Elements of a good advertisement
Writing advertisement is an art. Writing an advertisement is based on AIDA theory.
In the clamor and clutter of sight and sound, and the competition for the reader’s eye, ear, and heart, it’s imperative that you compete successfully for attention. There should be some element in the advertising- whether it’s the headline or the illustration or the layout - that attracts the eye or ear and arouses sufficient interest to warrant attention to the message. And the copy itself must sustain that attention.
Once he/she has captured the reader’s attention he/she has got to say or show something to sustain interest, or the message will not be heard.
The advertisement must generate a desire to accept what he/she has to say about what he/she has to offer; to want to do business with him/her.
The ultimate aim of an advertising is to generate action on the part of the reader or listener; to cause the reader to want to do something that you want him or her to do, such as buy your service, or, in the case of professional services marketing, it might be to either generate an inquiry or accept a selling situation. On the other hand, just getting a reader to think about you in a specific way is an action, too. That’s what institutional advertising is about.
Promise of Benefit
Something in the advertisement should promise the reader or the listener some benefit that will accrue from accepting the advertisement’s premises.
The premises of the advertising must be believable.
The advertising should be persuasive.
It should sell or generate the need for the service he/she offers, and project his/her service as superior .
The language of claims
1.The weasel claim
A weasel word is a modifier that practically negates the claim that follows. The expression “weasel word” is aptly named after the egg-eating habits of weasels. A weasel will suck out the inside of an egg, leaving it appear intact to the casual observer. Upon examination, the egg is discovered to be hollow. Words or claims that appear substantial upon first look but disintegrate into hollow meaninglessness on analysis are weasels. Commonly used weasel words include “helps” (the champion weasel); “like” (used in a comparative sense); “virtual” or “virtually”; “acts” or “works”; “can be”; “up to”; “as much as”; “refreshes”; “comforts”; “tackles”; “fights”; “come on”; “the feel of”; “the look of”; “looks like”; “fortified”; “enriched”; and “strengthened.”
Samples of Weasel Claims
“Helps control dandruff symptoms with regular use.” The weasels include “helps control,” and possibly even “symptoms” and “regular use.” The claim is not “stops dandruff.”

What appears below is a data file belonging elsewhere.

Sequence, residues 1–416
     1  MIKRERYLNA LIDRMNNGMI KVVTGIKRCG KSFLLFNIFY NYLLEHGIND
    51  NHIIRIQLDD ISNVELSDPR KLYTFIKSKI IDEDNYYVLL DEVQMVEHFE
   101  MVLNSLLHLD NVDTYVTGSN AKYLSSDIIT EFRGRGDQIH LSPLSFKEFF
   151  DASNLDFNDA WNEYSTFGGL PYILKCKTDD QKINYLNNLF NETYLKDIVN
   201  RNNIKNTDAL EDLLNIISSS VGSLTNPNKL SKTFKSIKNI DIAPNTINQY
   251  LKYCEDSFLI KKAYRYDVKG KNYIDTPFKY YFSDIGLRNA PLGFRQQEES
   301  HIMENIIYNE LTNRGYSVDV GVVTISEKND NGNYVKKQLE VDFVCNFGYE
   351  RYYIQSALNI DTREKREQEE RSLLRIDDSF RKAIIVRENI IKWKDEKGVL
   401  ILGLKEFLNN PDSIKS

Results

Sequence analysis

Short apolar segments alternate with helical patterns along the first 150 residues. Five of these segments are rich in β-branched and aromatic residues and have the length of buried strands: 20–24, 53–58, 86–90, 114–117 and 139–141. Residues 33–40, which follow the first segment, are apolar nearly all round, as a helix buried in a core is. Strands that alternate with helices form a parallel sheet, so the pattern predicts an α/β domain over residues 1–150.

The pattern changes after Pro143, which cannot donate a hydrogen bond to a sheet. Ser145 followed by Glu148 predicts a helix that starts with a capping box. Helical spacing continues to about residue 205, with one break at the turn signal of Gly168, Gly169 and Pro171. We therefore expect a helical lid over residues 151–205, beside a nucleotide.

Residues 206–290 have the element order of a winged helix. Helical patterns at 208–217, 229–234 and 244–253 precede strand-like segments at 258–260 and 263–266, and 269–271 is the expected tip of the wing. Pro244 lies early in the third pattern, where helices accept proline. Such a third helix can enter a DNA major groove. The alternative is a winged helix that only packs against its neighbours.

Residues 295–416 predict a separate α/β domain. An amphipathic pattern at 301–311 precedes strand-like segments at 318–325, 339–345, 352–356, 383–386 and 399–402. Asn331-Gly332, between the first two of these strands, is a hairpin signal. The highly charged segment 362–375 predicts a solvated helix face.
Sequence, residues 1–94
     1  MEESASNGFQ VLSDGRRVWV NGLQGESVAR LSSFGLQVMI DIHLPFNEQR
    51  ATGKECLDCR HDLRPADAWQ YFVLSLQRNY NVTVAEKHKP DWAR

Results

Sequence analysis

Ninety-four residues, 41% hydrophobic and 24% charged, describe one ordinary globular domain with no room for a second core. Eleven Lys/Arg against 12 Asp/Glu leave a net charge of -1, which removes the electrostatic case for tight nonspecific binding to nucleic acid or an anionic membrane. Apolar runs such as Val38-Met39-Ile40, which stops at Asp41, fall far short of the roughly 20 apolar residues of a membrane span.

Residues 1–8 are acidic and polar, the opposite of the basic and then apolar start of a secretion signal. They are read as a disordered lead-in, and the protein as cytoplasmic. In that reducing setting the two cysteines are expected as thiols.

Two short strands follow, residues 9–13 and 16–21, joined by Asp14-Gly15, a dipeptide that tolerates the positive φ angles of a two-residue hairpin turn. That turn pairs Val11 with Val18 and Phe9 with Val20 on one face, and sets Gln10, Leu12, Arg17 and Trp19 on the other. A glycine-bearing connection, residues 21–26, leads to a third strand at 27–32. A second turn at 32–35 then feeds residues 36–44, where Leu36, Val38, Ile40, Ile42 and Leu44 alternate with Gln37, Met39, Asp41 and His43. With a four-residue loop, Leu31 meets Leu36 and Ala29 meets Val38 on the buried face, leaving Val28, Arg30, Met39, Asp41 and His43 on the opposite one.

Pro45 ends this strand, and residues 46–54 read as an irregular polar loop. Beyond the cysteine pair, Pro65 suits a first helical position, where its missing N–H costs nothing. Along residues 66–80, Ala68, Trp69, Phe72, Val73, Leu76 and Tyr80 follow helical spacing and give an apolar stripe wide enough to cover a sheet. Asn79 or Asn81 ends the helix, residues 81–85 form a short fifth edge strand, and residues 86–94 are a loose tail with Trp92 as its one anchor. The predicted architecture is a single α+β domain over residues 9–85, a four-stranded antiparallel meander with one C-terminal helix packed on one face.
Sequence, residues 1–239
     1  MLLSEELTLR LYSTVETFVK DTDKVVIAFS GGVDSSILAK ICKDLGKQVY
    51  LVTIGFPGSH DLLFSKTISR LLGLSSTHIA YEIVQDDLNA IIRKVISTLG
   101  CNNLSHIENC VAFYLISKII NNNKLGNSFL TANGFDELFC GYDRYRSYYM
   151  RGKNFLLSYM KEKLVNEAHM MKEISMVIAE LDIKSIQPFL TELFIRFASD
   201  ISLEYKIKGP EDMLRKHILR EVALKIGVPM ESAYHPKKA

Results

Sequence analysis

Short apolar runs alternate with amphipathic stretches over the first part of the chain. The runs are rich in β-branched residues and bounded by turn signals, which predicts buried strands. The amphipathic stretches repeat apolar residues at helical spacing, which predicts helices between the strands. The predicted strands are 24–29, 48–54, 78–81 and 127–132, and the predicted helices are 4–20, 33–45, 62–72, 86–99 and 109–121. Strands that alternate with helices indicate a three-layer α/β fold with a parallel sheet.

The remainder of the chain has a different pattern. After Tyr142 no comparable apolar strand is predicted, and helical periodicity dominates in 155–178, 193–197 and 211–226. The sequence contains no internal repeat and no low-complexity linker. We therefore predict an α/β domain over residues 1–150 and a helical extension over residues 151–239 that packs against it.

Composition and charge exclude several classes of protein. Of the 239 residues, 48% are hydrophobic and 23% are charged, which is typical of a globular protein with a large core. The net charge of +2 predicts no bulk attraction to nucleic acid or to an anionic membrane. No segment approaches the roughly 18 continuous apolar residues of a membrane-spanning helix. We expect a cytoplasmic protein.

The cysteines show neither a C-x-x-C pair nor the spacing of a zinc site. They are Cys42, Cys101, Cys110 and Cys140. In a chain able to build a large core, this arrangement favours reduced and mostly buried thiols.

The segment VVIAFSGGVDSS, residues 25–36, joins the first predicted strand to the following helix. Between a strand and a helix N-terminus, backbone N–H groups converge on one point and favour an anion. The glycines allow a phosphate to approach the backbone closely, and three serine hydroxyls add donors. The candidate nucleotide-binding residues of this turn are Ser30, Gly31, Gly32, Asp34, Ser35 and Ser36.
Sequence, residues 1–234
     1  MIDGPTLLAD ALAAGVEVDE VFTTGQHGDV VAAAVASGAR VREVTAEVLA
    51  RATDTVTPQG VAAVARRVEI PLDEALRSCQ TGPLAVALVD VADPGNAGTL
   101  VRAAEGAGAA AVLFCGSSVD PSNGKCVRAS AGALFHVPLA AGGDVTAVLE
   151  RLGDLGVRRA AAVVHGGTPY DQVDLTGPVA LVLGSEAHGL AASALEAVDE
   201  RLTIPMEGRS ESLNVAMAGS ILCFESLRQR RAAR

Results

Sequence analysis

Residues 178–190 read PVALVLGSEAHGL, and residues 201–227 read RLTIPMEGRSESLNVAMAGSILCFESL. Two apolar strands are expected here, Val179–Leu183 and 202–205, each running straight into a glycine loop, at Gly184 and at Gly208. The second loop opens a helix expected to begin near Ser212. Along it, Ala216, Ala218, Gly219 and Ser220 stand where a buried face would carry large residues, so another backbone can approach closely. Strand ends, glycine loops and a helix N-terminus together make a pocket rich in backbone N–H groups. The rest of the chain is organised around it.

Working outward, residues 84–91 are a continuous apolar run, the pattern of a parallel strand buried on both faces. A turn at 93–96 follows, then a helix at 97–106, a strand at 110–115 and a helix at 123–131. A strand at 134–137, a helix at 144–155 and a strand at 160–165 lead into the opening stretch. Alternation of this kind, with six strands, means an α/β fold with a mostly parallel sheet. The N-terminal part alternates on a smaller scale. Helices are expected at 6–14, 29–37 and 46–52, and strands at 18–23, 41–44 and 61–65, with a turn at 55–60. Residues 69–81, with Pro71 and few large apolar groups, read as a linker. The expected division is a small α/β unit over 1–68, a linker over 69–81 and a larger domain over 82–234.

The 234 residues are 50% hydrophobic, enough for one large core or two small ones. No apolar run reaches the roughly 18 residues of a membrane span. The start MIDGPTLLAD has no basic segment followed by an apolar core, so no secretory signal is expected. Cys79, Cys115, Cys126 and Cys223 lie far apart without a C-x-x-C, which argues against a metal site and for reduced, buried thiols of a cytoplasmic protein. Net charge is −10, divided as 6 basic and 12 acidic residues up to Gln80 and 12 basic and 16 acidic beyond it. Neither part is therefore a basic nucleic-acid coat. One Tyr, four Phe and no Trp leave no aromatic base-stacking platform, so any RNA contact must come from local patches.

“Leaves dishes virtually spotless.” We have seen so many ad claims that we have learned to tune out weasels. You are supposed to think “spotless,” rather than “virtually” spotless.
“Only half the price of many color sets.” “Many” is the weasel. The claim is supposed to give the impression that the set is inexpensive.
“Tests confirm one mouthwash best against mouth odor.”
“Hot Nestlés cocoa is the very best.” Remember the “best” and “better” routine.
“Listerine fights bad breath.” “Fights,” not “stops.”
“Lots of things have changed, but Hershey’s goodness has not.” This claim does not say that Hershey’s chocolate has not changed.
“Bacos, the crispy garnish that tastes just like its name.”
2. The unfinished claim
The unfinished claim is one in which the advertisement claims the product is better, or has more of something, but does not finish the comparison.
Samples of Unfinished Claims
“Magnavox gives you more.” More what?
“Anacin: Twice as much of the pain reliever doctors recommend most.” This claim fits in a number of categories but it does not say twice as much of what pain reliever.
“Supergloss does it with more color, more shine, more sizzle, more!”
“Coffee-mate gives coffee more body, more flavor.” Also note that “body” and “flavor” are weasels.
“You can be sure if it is Westinghouse.” Sure of what?
“Scott makes it better for you.”
“Ford LTD--700% quieter.”
When the FTC asked Ford to substantiate this claim, Ford revealed that they meant the inside of the Ford was 700% quieter than the outside.
3. The “we are different and unique” claim
This kind of claim states that there is nothing else quite like the product being advertised. For example, if Schlitz would add pink food coloring to its beer they could say, “There is nothing like new pink Schlitz.” The uniqueness claim is supposed to be interpreted by readers as a claim to superiority.
Samples of the “We are Different and Unique” Claim
“There is no other mascara like it.”
“Only Doral has this unique filter system.”